Black Iris: Chapter Nine

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A few weeks ago, my driver’s license was revoked. After several previous suspensions due to everything from unpaid parking tickets to reckless driving, a DWI was the last straw. I passed the breathalyzer test, of course, but then I got mouthy, so they made me take a blood test. When the judge handed down my sentence, I didn’t contest it. Instead, I sold my car and used the cash to buy 900 wooden rods and 20 cases of vodka.

Without a car, lugging the 150-pound air conditioner down to the police station proves to be a pain in the ass. Sure, I could take a cab or rideshare, but I haven’t worked in over a month, and need to save money for booze and food (I’ve still got plenty of rods). I try getting on the bus, but the driver doesn’t let me bring the air conditioner on during rush hour, so I end up walking 15 blocks in the 90-degree heat.

The trip turns out to be a big waste of time. The cop taking my statement doesn’t even look at the air conditioner; in fact, he seems pissed that I brought it at all. Nobody asks me any follow-up questions, and I see them put my file at the bottom of a huge stack of folders on a shelf in the back of the room. It doesn’t matter — I’ve done what the law requires. Now all I have to do is hire a lawyer.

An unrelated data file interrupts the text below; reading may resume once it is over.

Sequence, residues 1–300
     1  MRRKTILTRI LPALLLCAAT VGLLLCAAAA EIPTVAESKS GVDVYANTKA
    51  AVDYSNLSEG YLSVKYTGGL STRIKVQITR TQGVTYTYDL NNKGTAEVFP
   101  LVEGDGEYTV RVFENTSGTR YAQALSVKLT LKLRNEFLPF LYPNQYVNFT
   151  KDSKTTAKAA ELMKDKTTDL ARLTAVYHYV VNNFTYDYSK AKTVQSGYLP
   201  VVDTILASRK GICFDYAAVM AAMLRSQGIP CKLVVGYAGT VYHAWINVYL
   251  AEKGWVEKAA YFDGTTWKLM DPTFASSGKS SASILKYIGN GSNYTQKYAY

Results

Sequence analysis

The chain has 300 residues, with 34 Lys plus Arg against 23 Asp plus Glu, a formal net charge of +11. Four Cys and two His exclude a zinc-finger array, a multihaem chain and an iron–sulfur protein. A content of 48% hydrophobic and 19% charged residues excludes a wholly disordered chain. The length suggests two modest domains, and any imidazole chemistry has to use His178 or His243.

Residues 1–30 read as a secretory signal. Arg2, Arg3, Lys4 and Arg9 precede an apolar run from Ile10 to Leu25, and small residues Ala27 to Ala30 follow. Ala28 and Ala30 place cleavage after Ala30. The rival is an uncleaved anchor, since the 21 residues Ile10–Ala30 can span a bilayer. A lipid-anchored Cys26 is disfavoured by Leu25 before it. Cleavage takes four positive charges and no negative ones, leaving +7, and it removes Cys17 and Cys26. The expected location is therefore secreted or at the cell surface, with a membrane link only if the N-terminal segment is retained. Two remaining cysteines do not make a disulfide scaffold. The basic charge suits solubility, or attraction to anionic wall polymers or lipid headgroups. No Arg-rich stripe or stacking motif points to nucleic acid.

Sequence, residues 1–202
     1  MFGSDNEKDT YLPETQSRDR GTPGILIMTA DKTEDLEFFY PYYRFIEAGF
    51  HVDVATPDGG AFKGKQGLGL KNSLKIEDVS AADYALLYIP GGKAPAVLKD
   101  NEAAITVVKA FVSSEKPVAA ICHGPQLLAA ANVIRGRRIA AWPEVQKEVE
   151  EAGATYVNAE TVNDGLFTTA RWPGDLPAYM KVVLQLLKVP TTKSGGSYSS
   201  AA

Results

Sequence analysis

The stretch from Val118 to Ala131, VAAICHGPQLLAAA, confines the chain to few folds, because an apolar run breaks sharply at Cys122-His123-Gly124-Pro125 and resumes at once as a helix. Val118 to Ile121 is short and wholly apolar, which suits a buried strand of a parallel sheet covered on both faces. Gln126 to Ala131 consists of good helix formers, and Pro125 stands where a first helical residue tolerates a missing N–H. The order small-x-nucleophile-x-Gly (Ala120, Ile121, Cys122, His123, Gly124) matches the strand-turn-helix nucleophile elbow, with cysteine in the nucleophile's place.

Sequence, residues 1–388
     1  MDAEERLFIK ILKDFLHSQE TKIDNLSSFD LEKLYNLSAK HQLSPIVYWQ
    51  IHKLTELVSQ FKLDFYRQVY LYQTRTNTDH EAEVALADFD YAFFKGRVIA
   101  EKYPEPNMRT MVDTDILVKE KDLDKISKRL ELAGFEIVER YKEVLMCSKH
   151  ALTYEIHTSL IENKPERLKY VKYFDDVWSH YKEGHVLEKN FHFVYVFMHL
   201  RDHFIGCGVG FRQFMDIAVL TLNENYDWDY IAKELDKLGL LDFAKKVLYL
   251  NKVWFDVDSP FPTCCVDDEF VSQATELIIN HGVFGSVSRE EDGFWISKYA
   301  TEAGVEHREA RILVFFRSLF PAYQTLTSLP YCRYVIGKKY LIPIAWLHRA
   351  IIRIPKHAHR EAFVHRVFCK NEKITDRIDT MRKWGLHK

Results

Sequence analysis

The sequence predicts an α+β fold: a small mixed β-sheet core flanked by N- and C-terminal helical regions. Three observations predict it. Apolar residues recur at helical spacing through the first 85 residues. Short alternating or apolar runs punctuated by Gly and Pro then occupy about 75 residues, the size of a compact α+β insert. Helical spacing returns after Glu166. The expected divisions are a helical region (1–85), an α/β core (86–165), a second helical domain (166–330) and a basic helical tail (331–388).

Back at my apartment, I’m just finishing lunch when my intercom buzzes. As much as I’d like to ignore it, there’s an outside chance it could be the police coming to actually do their job.

“Hello, this is Snowball. Who’s this?”

“Hello, Snowball, my name is Davin Sharkey, and I’m an attorney for Alsephina Realty. I understand there was an accident last night, and I was hoping we could talk about it.”

How on earth do they know already? I guess they’re missing an air conditioner, but how would they know where to find it? I noticed a camera inside the foyer, but according to the police, there are none pointed outside of the building.